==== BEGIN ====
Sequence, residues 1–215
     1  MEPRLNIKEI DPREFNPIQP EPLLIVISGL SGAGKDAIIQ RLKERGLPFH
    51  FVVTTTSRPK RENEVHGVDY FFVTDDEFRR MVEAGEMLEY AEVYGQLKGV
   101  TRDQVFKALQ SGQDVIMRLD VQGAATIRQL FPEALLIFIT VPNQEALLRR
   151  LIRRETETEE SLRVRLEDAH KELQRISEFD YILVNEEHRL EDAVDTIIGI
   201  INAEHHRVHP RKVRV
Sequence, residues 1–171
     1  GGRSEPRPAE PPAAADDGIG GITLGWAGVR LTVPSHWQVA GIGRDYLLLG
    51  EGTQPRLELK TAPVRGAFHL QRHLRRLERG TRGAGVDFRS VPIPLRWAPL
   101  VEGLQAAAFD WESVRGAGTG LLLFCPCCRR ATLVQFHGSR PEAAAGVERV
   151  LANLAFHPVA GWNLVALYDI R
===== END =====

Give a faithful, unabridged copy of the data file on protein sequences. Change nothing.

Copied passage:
Sequence, residues 1–215
     1  MEPRLNIKEI DPREFNPIQP EPLLIVISGL SGAGKDAIIQ RLKERGLPFH
    51  FVVTTTSRPK RENEVHGVDY FFVTDDEFRR MVEAGEMLEY AEVYGQLKGV
   101  TRDQVFKALQ SGQDVIMRLD VQGAATIRQL FPEALLIFIT VPNQEALLRR
   151  LIRRETETEE SLRVRLEDAH KELQRISEFD YILVNEEHRL EDAVDTIIGI
   201  INAEHHRVHP RKVRV
Sequence, residues 1–171
     1  GGRSEPRPAE PPAAADDGIG GITLGWAGVR LTVPSHWQVA GIGRDYLLLG
    51  EGTQPRLELK TAPVRGAFHL QRHLRRLERG TRGAGVDFRS VPIPLRWAPL
   101  VEGLQAAAFD WESVRGAGTG LLLFCPCCRR ATLVQFHGSR PEAAAGVERV
   151  LANLAFHPVA GWNLVALYDI R